Deadweather and Sunrise: The Chronicles of Egg #1 by Geoff Rodkey is full of adventure and unexpected twists. I liked the main character, though I did not like how his family treated him. I think it's an intriguing beginning to a new trilogy for young readers and am excited for the next two. First Son could read this book, but now he's interested in the Redwall series so it's not clear I'll need to provide any leisure time reading for a while. There is one disturbing episode in which some pirates attempt to force themselves on a young woman which I worried would bother First Son, but Kansas Dad thinks he wouldn't really understand it and would just move on. I'm going to put this on our list for next summer (when he'll be ten), just in case I need to make some suggestions. (library copy)

Something Wicked This Way Comes by Ray Bradbury is as beautifully written as any Bradbury. And very creepy. (library copy)

Books in Progress (and date started)

Monday, August 5, 2013

Second Son Is Three!

Second Son turned three a few weeks ago. It's hard to believe we don't have a two year old (or someone who will soon be two) in our house anymore.

He loves to build with LEGOs and makes elaborate abstracts "ships" for us, though he needs help taking them apart.

We have plenty of age-appropriate toys for him, but he prefers the LEGOs and Playmobil, of course, because those are the ones his big brother and big sisters like best.

He often says things are too scary for him, like The Pirate Movie and Toy Story.

He's thinking
He talks and talks and talks. Kansas Dad calls him a chatterbox. He tells us all about the books he's reading and the toys he's playing with and what he's going to do and what he sees and on and on.

He has an Angry Birds shirt and two Cars shirts. He chooses whichever one he sees first when it's time to get dressed and would wear nothing else if one of them were always clean.

He runs aways when he needs a diaper change. He does not want to be diaper-free, as enticing as the Cars underwear and gummi bear rewards might be, so we're waiting a bit longer.

He'll start Catechesis in the fall. I'll be his teacher; hopefully he hears the voice of God despite me.

He loves to jump into the pool, or slide down the kiddy slide into the water. He keeps trying to swim even though he knows he can't.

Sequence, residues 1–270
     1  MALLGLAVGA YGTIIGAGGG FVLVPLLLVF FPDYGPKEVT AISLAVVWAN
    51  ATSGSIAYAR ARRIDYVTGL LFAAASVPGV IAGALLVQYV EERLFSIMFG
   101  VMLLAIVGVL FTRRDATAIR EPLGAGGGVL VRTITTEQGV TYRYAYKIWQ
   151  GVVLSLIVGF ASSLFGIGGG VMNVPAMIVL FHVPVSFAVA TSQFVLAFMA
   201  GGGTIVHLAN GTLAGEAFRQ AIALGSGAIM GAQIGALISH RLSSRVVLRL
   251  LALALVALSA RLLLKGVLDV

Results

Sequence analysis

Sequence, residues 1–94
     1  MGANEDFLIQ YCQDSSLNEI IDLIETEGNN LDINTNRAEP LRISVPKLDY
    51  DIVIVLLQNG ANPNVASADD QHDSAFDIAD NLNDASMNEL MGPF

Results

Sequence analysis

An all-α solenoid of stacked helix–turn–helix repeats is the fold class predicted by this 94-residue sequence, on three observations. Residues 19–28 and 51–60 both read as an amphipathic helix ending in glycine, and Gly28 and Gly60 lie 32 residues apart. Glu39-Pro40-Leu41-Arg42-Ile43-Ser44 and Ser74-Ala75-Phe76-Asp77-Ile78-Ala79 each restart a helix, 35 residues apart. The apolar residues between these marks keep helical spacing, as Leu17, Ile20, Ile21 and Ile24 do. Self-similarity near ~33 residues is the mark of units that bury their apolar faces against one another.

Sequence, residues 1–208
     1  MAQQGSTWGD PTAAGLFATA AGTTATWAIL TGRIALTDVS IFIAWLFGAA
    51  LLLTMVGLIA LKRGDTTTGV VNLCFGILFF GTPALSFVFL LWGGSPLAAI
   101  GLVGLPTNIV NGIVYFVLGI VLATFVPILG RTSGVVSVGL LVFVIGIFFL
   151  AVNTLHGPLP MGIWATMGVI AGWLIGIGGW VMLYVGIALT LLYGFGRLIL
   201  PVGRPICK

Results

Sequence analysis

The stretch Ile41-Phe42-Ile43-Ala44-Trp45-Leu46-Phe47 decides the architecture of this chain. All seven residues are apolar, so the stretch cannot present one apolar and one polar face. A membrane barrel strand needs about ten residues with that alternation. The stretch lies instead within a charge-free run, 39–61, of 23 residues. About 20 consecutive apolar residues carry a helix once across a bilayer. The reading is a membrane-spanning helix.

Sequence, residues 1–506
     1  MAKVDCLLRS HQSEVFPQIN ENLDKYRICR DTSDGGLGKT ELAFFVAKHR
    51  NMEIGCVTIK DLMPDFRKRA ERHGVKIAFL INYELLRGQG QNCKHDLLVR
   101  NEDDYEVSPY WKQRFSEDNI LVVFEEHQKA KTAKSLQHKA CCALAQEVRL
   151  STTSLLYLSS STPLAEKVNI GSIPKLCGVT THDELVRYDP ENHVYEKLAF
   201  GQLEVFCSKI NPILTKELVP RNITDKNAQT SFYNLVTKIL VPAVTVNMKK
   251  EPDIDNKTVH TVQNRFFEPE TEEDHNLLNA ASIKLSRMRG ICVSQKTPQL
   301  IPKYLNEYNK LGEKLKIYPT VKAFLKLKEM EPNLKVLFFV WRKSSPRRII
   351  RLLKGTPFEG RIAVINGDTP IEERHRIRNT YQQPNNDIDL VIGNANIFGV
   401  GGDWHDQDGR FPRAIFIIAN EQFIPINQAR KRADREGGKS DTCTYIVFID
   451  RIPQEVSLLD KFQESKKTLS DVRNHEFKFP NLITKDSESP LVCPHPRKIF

oh, look at all the buttons!
He's three so sometimes he doesn't know what he wants, but he knows it's not what we've given him (even if it's what he requested). Usually, we find it best to wait a few minutes and he'll forget he didn't want it.

Sometimes he doesn't like to eat breakfast. So he just has a snack later.

His favorite candy is Smarties. By far. He also likes gummy bears.

No celebration or outing is complete without a visit to the frozen yogurt store. His favorite toppings are gummy bears and marshmallows. The yogurt itself is relatively unimportant.

Sometimes he won't sit in his high chair at the table, insisting on a regular chair. I have to remind him a hundred times during the meal to sit down. He washes his own hands after the meal and sometimes clears his plate, too.

Mother's Day 2013
 He keeps jumping off the new couch; we have to remind him over and over again not to jump.

His favorite books: Bear Wants More and all the other Bear books. He loves when we read to him; I particularly love to listen to First Son read to him.

First Son will duel with him. They each have light sabers, but Second Son is only half his height. First Son always lets him win. He's a terribly cute Jedi.

He only recently figured out how to open doors. He likes to come into our room in the morning and say, "Get up, sleepyheads!" (Especially after everyone laughed so hard the first time he did it.)

His favorite food? Hot dogs, maybe. He eats so much of everything and will try a remarkable number of foods, though he often says, "That's too spicy for me." Even if it's not spicy. He loves yogurt and cottage cheese. He eats his pancakes without syrup, most of the time, and loves bacon. Recently he ate three pieces of bacon and nothing else for breakfast. (It was turkey bacon, so three pieces is not too excessive.)

He does not like bedtime, but usually goes quietly, especially recently when we let him climb into his crib by himself. We take him to bed before night-time prayers with the others (which made night-time prayers a thousand times better for everyone else). We sing songs. It used to be two songs, but he usually talks me into four now by asking for something like The Hail Mary or the Magnificat last. Who can refuse that? He'll sing along, too.

He likes You Are My Sunshine (replacing Sunshine with his name), the Hairbrush Song, and the Alphabet Song. He has four favorite Veggie CDs: Backyard Party, Playtime Songs, Sunday Morning Songs, and More Sunday Morning Songs, but I think that's mostly because of the covers.

He often asks to listen to the Kids' Favorites playlist on Spotify, which begins with songs from Despicable Me. He can do a wonderful rendition of the Minion's Irish Drinking Song (along with his siblings).

First Son can always make Second Son laugh. He's a great big brother, helping him along in just about every way.

This birthday party was the first one Second Son enjoyed. In the past, he always cried at all the noise and people and candles. But he had a fabulous time. One of my friends made the kids. She did a particularly good job on Second Son's cake.

He's still playing with these cars.

Happy birthday my little man! We're blessed to be your family!

Friday, August 2, 2013

Second Daughter Is Five!

Second Daughter turned five a few weeks ago. Here is her annual birthday post.